The knowledge that the thrill of victory is worth the possible agony of defeat. I know, because the first 23 years I felt like a failure for being too afraid to even try. Fortunately, I learned that there are consequences for our actions, and especially our in-actions. Sure, there is often a price to pay for victory, but the cost of not rising to the challenges in life are far greater. Victory is here, and then gone, yet the pride and satisfaction to have the courage to go for what you want? That lasts a lifetime!

5. What is the greatest lesson you’ve ever learned?
To be humble in my greatness, to be accepting of my weaknesses, to be happy with this life I have been given, and to be proud of even the smallest step with courage.

6. What do you enjoy doing in your spare time?
I love riding horses, living a simple farm life with my animals, and I love any opportunity to interact with others in the interest of helping to elevate the human spirit and show others just how much is truly possible.

7. What makes a great leader?
Passion, compassion, and interaction along with the ability to help others build their strengths and compensate for their weaknesses.

8. What advice would you give to college students about entering the workforce?
Innovation is key, yet do not forget to always be growing your area of knowledge and expertise to stay ahead of the curve. Additionally, global education and interaction is critical, regardless of whether you interact outside your country or not.

Interview from http://www.novallo.net   NAVALLO, a site that features interviews with the worlds most successful people  http://www.navallo.net/dana-hee

Success and Leadership

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Fighting Fear With Courage! A Stuntwoman’s perspective on performing death defying stunts!


Sometimes it’s important to remind yourself where you started out in life…and where you are now. I was looking through some old stories that I wrote for magazines and such…and came across one from back when I first started out in Hollywood. My words from years ago help to re-generate my soul from time to time. Perhaps you can find your own cool stories to remember!

A Brave New World
“I still recall that day on the set of the Natassja Kinski film, “Bella Mafia,” as if it were yesterday.
It was the day I did my first car hit in my career as a Hollywood Stuntwoman. I remember standing on the paved road in my yellow sundress and strap sandals with the sun warming my back, and glinting off the metallic silver bumper of the car rapidly closing in on me.

It approached much faster than what I had envisioned it would. There was a moment of extreme panic and fear, and I felt like bolting from its path. Then, the fear was replaced by the sudden rush of adrenaline that surged like a locomotive through my body. Steeling myself to focus on what had to happen next, I bent my knees in anticipation of the slight thrust upwards I would make on contact.

As the bumper caught me and lifted me into the air, the ‘whack’ of my body slamming against the hood resonated in my ears for a moment before being swallowed by an intense silence, as I was spit up and over the top of the car. There was a surprising and disorienting sense of peace as I spun through the air, catching glimpses of blue, then brown…before landing with a resounding thud on the side of the road.”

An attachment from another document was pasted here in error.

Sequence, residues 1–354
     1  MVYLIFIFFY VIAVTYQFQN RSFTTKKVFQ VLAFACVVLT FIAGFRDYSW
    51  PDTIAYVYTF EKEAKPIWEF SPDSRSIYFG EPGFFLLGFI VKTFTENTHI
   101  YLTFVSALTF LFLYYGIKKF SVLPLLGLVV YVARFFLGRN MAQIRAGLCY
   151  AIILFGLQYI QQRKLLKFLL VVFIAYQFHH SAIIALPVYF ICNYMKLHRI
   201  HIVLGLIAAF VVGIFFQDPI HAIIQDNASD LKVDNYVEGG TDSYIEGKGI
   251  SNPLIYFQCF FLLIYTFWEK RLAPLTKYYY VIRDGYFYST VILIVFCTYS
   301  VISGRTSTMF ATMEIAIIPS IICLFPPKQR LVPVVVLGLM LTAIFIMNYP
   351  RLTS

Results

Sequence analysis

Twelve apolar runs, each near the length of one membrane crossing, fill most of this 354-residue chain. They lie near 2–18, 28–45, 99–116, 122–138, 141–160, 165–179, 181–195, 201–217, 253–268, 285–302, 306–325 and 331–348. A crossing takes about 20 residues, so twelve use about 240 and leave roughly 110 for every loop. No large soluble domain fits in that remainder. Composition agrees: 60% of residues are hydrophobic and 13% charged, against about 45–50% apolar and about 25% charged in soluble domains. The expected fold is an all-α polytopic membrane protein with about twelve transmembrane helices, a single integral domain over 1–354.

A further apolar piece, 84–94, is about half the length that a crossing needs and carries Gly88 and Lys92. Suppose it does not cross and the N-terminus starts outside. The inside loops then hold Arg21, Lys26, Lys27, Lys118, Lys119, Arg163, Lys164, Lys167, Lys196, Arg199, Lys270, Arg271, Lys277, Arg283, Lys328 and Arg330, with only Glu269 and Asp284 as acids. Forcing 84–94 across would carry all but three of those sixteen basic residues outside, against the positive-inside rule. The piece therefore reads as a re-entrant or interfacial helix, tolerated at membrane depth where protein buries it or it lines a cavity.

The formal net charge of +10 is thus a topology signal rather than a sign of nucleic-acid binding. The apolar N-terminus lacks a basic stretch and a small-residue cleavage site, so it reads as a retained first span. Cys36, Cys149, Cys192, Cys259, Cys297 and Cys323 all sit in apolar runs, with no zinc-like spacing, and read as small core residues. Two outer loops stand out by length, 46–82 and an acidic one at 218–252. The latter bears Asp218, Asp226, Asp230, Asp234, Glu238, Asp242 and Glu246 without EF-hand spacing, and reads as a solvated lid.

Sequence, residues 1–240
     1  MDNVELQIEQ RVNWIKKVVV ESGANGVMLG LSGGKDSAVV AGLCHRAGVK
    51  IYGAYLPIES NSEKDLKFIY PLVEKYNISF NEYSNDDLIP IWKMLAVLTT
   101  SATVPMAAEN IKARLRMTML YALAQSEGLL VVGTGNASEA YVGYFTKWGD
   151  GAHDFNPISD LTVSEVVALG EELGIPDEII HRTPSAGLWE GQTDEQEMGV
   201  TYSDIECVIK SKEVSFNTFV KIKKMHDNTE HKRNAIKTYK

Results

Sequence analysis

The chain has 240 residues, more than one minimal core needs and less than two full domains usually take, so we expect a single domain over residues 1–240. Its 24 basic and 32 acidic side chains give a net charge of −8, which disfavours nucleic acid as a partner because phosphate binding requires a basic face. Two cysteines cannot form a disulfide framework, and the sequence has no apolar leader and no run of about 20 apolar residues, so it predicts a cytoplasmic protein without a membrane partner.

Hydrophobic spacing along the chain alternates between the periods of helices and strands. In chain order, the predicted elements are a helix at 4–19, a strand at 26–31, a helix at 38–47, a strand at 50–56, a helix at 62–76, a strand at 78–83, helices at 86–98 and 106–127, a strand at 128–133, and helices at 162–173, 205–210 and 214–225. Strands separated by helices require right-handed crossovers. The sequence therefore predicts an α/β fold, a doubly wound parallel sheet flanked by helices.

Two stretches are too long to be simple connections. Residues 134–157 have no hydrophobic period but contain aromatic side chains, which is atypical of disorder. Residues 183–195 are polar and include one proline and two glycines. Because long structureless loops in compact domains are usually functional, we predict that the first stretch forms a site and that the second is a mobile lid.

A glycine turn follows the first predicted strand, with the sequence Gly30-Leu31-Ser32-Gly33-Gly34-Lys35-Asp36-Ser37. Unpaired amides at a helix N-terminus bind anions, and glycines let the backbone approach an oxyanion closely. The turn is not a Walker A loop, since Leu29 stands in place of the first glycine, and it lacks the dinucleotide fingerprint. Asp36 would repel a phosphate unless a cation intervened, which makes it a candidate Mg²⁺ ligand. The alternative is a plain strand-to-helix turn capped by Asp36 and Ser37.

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You know, you’ve really have to wonder about the Mario Andretti’s of this world! And, likewise, all of the skydiving, bull riding, bungee jumping extreme-adrenaline freaks!! Why do they do what they do? Why would anyone purposely put themselves in harms way? I wonder if it’s for the same reason I’ve been doing just that for the last sixteen years.

From competing in full-contact fighting in the Olympic Games, to performing dangerous and debilitating stunts for Hollywood films, I’ve evan had moments where I’ve thought that I must be insane.

What compels me to place myself in front of an oncoming car, or allow someone to jerk me thirty feet through the air and slam me into the nose of an airplane?

Hmmm….perhaps it’s because I’ve wanted to forget about the painful scars of my childhood…the years of life in an orphanage, with alcoholic, suicidal, abusive family members, on the streets, in halfway houses, a government shelter, and a foster home.

Maybe it’s been an effort to strip myself of my negative self-image, and cloak myself in the resulting praise and admiration of my peers. What I do know, without a doubt, is that I have been driven by the need to face my fears head on.

I guess if I had come into the world feet first, I wouldn’t have felt so compelled to challenge my fate, as I would’ve been able to hit the ground running.

As it was, my rocky start in life did nothing to ensure that I would be able to hold my head high in society. Indeed, I was handicapped with a huge lack of self-esteem and confidence.

Luckily for me though, I was too hardheaded to accept defeat with humility and grace. So after years of struggling against the force of the whirlpool trying to pull me down, I forced my head up out of the water, and struck out swimming.

You know, it’s amazing what one can accomplish with a spark of hope and a lot of determination.

When I finally took hold of my life I was actually able to make my dreams of Olympics, Hollywood, and life come true.

I guess it’s a tribute to the strength and courage of mankind that someone like myself was able to rise from the ashes, and hover in the clouds. Then again, maybe it has nothing to do with strength or courage.

Personally, I feel my successes in life have much more to do with fear…fear that I’m not good enough, fear of pain and humiliation, fear of the unknown, and most of all, fear of failure.